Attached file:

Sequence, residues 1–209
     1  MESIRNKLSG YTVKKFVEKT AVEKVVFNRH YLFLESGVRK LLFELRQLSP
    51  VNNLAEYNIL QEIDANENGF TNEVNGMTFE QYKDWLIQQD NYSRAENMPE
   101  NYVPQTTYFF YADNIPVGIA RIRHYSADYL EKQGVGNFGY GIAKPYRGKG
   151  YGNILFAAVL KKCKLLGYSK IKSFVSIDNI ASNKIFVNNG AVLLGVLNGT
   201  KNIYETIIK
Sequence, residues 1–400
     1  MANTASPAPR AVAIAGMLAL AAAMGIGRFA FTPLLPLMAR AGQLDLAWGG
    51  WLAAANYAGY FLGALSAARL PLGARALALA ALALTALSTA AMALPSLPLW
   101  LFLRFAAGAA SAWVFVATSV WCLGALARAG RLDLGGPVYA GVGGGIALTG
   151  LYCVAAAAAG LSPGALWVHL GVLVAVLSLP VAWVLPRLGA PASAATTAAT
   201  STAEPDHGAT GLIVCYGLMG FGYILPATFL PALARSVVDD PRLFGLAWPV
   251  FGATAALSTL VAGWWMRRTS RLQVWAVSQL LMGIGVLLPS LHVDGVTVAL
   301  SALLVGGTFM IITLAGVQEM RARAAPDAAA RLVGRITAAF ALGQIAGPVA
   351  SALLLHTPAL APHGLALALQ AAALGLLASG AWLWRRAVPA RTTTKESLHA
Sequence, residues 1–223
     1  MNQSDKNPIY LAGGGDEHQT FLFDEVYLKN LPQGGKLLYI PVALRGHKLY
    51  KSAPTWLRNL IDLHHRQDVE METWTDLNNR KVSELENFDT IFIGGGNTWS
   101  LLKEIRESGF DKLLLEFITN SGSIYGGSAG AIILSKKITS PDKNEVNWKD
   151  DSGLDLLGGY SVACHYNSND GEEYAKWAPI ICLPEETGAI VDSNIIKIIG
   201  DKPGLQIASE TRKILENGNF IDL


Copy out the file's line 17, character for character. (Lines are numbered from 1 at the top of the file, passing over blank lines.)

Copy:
     1  MNQSDKNPIY LAGGGDEHQT FLFDEVYLKN LPQGGKLLYI PVALRGHKLY